Hardier bananas and plantains

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Plantain and highland cooking bananas are important staple crops in West-Central Africa and Eastern Africa, respectively. They play an essential role in food security, enhanced livelihoods, and resilient agricultural systems.  

But breeding bananas and plantains was for a long time considered impossible due to sterility and triploidy – containing only vestigial seeds, they are unable to sexually reproduce. This poses challenges for the development of improved varieties able to withstand threats such as black sigatoka, a common and highly destructive leaf spot disease.  

About 12.4 million tons of plantains and 9.8 million tons of highland cooking bananas were produced in Africa in 2018

In 1987, CGIAR scientists at IITA finally found a way to breed several black-sigatoka-resistant plantain hybrids, demonstrating that banana breeding is in fact possible, through a combination of conventional and novel methods. Their achievement earned IITA the International King Badouin Award in 1994. 

Building on this success, the researchers started a breeding program in the mid-1990s for matooke, starchy highland banana that is a staple in Uganda. Together with the National Agricultural Research Organization (NARO) they were successful in producing high-yielding, resistant matooke hybrids.  

NARO became the first national program in Africa to officially release a banana variety bred in Africa. The banana breeding program of NARO is now internationally recognized as the strongest national banana program in Africa. To support the breeding program, other genetic studies are being conducted, including biotechnology approaches.     

Another plantain hybrid, called PITA, was registered in Côte d’Ivoire in 2016 and has since become popular among growers in Mali and Burkina Faso.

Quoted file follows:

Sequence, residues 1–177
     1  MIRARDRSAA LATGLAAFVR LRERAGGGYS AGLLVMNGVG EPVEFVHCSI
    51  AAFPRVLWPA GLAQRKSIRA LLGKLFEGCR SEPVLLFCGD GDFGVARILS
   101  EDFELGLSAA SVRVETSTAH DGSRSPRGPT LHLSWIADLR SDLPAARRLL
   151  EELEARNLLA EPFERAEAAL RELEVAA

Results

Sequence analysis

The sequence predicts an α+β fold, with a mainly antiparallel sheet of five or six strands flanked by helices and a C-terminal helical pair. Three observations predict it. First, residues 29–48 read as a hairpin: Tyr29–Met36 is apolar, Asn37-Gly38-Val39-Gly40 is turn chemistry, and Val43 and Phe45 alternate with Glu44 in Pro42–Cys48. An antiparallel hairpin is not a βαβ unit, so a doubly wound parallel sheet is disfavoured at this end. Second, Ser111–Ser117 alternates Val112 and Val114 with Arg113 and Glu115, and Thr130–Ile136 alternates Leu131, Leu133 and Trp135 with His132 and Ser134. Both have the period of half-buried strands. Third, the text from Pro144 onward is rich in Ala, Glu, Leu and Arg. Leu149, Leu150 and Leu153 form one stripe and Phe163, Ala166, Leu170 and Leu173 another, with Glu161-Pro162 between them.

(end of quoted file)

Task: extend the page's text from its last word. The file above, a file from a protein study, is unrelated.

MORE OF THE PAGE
CGIAR-bred bananas and plantains have proven to be not only resistant to disease, but also highly productive. The estimated genetic gain, or annual yield increase, for matooke bananas is 1.4%, reaching up to 2.5% for hybrid plantains – well above the target 1% set for all CGIAR crop breeding programs. Improved matooke bananas have shown an increase in bunch weight of 136% compared to their hybrid parents, or 249% compared to the original matooke variety – the largest relative increase among all of the main food crops. These were among the successes highlighted by the Musa breeding program as “Stories of Excellence” shared at the CGIAR Excellence in Breeding Platform’s 2020 annual meeting.

The improved varieties are now being finetuned through ongoing research using a digital application called the Banana breeding Tracking Tool, or BTracT, which uses QR codes to monitor in real time every stage of the breeding process – tracking performance from the laboratory to the field, and even how the produce tastes on the plate. The real-time data is stored and handled through MusaBase, an online open-access database supporting collaborative research and development.

About 12.4 million tons of plantains (93% from West-Central Africa) and 9.8 million tons of highland cooking bananas (all from Eastern Africa) were produced in Africa in 2018. Estimates from 2018 production data suggest that about 3.2 million farming households in Africa depended on plantain, while 2.5 million farming households depended on highland bananas.


Header photo: Harvest bananas ready for sale. Photo by IITA

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